Though food nutrition labels now seem commonplace, they have been in place for less than a decade. First mandated by the federal Nutrition Labeling and Education Act of 1990 and fully implemented nine years ago, they were the target of early opposition by food manufacturers, many of whom eventually came to endorse them.

“We have had labeling on packaged foods for a while and I think people have really been very grateful for the information,” DeLauro said. “I think they’d be grateful to have the information from restaurants. It helps them to make an informed choice.”

DeLauro’s bill would not help diners decipher every meal: It would not apply to small restaurants, which often have shifting menus and changing ingredients. But most chains standardize their ingredients, making it possible to list nutritional details for basic food items. “They have recipes they have to follow,” said Margo Wootan, CSPI’s director of nutrition policy. “Part of the marketing of these companies is to make sure Denny’s is Denny’s ... wherever you go.”

'Completely unworkable'
While the restaurant industry supports providing nutrition information on a voluntary basis — and most major chains have it prominently displayed on their Web sites — they vehemently oppose a federal label mandate. The industry argues that patrons who want to know about what they’re eating already have access to that information. And they believe DeLauro’s system would be unfair and cumbersome.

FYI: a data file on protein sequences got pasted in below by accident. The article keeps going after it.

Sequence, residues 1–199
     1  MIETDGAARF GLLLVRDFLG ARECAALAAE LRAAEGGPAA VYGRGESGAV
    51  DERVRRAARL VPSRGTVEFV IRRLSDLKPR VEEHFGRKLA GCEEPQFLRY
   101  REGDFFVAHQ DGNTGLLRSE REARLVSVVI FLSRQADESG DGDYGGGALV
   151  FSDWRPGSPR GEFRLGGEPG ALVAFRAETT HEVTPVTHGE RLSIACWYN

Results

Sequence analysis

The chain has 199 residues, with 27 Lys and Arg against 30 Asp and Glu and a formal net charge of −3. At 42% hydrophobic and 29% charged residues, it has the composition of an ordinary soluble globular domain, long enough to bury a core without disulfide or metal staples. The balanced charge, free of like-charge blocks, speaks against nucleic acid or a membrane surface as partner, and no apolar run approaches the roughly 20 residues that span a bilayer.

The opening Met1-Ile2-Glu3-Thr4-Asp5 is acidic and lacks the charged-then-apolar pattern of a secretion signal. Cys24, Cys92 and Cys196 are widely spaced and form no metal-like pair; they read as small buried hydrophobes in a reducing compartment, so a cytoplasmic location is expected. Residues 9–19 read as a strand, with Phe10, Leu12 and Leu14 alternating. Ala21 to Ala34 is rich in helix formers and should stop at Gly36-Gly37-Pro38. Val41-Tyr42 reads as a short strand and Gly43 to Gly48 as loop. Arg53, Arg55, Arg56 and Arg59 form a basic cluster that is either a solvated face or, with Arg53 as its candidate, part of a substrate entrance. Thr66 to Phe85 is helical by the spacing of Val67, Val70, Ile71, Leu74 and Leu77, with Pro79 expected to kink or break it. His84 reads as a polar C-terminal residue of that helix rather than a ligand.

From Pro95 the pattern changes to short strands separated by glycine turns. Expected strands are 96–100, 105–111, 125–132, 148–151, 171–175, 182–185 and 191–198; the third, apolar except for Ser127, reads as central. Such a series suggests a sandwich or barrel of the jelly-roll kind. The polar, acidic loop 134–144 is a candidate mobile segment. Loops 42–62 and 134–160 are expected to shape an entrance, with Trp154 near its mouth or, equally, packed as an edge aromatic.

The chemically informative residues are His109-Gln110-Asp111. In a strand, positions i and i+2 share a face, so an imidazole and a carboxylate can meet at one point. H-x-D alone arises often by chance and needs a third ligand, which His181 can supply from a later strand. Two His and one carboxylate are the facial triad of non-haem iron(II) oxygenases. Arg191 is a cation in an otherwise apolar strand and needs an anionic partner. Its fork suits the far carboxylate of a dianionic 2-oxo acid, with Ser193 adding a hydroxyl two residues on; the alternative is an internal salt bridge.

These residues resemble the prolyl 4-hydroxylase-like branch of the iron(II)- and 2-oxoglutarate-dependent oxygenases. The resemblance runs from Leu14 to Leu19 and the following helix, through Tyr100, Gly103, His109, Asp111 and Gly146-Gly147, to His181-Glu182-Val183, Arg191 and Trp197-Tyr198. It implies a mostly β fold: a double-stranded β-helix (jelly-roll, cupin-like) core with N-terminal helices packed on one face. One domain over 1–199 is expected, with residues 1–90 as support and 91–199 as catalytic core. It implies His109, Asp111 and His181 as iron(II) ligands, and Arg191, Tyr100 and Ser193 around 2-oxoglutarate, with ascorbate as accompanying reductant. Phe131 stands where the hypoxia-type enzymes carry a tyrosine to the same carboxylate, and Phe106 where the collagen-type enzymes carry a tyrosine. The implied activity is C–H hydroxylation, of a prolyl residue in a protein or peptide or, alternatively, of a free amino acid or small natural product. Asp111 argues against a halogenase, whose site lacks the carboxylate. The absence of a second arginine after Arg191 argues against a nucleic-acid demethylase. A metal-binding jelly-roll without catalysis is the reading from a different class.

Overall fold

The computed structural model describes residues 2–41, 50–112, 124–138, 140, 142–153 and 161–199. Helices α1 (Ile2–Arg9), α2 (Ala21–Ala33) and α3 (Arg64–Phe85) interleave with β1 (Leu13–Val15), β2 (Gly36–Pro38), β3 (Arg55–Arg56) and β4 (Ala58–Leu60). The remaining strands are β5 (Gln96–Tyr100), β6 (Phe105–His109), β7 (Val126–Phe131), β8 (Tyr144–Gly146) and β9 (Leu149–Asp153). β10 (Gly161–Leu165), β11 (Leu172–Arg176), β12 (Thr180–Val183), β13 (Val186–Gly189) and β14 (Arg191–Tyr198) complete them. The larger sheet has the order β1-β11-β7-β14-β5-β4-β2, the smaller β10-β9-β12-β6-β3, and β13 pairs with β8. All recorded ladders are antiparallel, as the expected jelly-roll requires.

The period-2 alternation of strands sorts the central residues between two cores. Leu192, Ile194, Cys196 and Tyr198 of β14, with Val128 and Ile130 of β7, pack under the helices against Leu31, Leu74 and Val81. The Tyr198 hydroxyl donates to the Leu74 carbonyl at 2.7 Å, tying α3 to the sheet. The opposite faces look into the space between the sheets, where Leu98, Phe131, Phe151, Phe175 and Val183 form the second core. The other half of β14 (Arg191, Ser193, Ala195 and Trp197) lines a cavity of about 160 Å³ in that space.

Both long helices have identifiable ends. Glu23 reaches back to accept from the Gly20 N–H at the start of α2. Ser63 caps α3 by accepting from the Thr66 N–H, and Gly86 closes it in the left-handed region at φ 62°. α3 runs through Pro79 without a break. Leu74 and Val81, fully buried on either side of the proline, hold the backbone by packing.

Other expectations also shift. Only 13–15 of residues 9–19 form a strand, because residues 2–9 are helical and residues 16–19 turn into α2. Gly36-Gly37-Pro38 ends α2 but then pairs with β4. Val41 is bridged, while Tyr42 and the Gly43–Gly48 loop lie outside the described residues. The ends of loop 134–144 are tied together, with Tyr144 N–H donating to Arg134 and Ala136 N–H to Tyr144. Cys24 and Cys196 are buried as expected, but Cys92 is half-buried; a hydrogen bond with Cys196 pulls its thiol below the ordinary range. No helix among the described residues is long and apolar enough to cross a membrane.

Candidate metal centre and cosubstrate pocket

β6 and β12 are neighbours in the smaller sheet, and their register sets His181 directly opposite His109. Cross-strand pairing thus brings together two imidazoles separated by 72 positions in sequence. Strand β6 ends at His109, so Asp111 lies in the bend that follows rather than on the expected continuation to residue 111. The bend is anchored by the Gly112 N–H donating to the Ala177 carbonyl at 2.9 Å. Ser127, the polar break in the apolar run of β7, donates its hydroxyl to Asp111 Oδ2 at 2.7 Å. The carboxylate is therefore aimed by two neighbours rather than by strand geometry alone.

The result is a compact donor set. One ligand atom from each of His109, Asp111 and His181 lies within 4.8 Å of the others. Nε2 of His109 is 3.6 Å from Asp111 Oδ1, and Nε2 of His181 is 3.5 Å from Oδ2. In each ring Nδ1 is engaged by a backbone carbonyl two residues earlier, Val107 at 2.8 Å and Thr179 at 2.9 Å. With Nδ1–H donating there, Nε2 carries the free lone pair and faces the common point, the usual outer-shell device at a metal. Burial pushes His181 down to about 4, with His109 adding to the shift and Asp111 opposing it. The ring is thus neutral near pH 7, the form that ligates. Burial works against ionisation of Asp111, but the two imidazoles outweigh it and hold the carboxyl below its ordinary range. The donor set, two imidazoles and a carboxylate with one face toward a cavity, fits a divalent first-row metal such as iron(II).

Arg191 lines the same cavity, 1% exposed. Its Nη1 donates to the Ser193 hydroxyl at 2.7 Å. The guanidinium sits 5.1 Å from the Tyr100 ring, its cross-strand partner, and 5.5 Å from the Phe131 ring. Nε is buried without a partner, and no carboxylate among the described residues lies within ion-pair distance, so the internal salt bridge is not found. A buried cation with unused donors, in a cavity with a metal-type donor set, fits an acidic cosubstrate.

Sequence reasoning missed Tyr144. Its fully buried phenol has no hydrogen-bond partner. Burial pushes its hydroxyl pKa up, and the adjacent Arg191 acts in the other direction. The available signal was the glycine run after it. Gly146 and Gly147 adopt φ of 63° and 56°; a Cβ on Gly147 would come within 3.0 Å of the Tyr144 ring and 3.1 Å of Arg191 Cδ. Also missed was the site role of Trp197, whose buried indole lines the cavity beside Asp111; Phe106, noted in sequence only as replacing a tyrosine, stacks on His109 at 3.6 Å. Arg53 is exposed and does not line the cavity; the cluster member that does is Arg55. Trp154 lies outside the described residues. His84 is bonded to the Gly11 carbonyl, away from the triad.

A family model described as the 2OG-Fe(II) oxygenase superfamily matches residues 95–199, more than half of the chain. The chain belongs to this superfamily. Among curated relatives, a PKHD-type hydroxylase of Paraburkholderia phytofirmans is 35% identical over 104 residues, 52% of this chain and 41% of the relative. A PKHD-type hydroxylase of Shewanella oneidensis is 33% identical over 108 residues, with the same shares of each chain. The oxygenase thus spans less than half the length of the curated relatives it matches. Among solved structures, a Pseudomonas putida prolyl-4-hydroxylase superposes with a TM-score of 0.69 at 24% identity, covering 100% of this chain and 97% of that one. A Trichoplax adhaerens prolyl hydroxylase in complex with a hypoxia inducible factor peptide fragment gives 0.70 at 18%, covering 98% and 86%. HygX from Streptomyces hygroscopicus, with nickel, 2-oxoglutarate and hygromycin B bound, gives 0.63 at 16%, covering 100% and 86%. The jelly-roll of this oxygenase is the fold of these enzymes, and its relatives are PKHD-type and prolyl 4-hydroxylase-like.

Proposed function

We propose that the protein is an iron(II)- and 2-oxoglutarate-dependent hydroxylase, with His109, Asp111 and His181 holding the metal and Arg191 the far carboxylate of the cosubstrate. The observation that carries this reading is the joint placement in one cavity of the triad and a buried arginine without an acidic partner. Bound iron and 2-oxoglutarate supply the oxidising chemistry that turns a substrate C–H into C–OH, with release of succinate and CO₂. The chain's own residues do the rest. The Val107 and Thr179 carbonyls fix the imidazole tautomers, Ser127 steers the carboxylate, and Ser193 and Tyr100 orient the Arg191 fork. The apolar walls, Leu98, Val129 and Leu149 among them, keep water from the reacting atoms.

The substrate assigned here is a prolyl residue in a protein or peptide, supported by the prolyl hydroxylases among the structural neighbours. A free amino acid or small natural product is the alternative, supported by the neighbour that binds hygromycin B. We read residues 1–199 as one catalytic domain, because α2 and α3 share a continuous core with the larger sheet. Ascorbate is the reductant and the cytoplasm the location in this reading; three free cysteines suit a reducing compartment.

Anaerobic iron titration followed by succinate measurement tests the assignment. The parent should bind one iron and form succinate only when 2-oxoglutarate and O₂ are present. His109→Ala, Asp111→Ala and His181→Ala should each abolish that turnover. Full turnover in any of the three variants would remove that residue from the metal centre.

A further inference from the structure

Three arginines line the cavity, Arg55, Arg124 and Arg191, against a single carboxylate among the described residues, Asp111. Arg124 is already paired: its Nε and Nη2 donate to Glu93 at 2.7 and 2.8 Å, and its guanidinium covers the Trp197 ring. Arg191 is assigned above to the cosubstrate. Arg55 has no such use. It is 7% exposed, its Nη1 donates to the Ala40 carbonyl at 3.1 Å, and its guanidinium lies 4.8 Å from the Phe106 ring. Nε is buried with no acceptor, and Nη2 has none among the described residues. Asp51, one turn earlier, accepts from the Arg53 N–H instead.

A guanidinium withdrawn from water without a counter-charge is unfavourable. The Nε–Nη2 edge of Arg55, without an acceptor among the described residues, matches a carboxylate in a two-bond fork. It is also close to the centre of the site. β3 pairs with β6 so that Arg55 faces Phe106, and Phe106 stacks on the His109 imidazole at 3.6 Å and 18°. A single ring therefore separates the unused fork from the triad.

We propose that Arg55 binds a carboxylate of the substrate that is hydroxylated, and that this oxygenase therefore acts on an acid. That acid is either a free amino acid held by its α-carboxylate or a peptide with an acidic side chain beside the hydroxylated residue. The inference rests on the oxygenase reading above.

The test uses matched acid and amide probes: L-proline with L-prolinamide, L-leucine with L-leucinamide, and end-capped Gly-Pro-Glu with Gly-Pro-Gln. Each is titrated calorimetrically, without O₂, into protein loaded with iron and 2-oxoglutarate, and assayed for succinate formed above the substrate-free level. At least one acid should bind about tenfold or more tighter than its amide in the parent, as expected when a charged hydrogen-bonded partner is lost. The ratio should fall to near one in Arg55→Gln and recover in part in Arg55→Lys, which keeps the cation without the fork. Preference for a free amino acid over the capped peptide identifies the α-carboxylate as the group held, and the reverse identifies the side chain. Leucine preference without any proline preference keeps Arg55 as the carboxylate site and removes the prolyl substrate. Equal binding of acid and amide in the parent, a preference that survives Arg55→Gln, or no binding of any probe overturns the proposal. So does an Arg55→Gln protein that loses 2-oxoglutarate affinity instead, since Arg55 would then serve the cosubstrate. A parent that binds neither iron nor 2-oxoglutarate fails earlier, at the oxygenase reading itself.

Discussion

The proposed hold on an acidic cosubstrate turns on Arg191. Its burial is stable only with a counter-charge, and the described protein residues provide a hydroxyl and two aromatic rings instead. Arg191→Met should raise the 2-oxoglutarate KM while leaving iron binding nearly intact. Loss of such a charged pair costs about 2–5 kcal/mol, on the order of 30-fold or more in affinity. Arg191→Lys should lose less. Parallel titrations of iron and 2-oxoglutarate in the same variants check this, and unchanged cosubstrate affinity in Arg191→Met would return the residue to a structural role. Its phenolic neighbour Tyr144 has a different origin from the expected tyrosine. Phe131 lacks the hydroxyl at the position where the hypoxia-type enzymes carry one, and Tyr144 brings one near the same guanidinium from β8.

“It’s just completely unworkable,” said Terrie Dort, president of the National Council on Chain Restaurants. “When you get into mandates, you take away the company’s options for them to figure out — in their particular workplace, in their particular store, in their particular way — to figure out what’s best.”

One problem, she notes, is that nutritionists continue to debate which information is most pertinent to Americans’ food decisions. While cholesterol was once a focus of great scrutiny, saturated and trans fats now receive much more attention.

And even with the standardized menus, most chains still pride themselves on being able to customize entrees, which Dort said makes it nearly impossible to provide accurate nutrition data. “Can you imagine the thousands of different varieties that could go in a pizza?” she said.

Yet many chains with custom items already provide that information. Both Domino’s and Pizza Hut provide nutrition details for most of their basic pizzas; two slices of Domino’s large Classic Hand-Tossed cheese pizza have 622 calories and 10 grams of saturated fat, while two slices of Pizza Hut’s Hand-Tossed cheese pizza have 440 calories and 9 grams of saturated fat.

And Subway, which allows customers to choose the ingredients on their sandwiches, not only lists nutritional details for most menu items on its Web site but widely promotes in its store displays the nutrition data for seven items that contain six grams of fat or less.

DeLauro and Wootan both noted that the labels would help consumers to make fair comparisons between items and to make choices that often can be counterintuitive. Burger King’s Fish Filet sandwich has more calories than its bacon cheeseburger, for example, while Taco Bell’s taco salad has nearly double the calories and saturated fat of its beef Burrito Supreme.

And Wootan suggested that the data might make hungry customers think twice before they agree to many restaurants’ near ubiquitous upselling pitches. “When you look at the difference between the fries and the super-size fries, all you see now is 80 cents,” said Wootan. “With nutritional labeling, you would see the 400 extra calories.”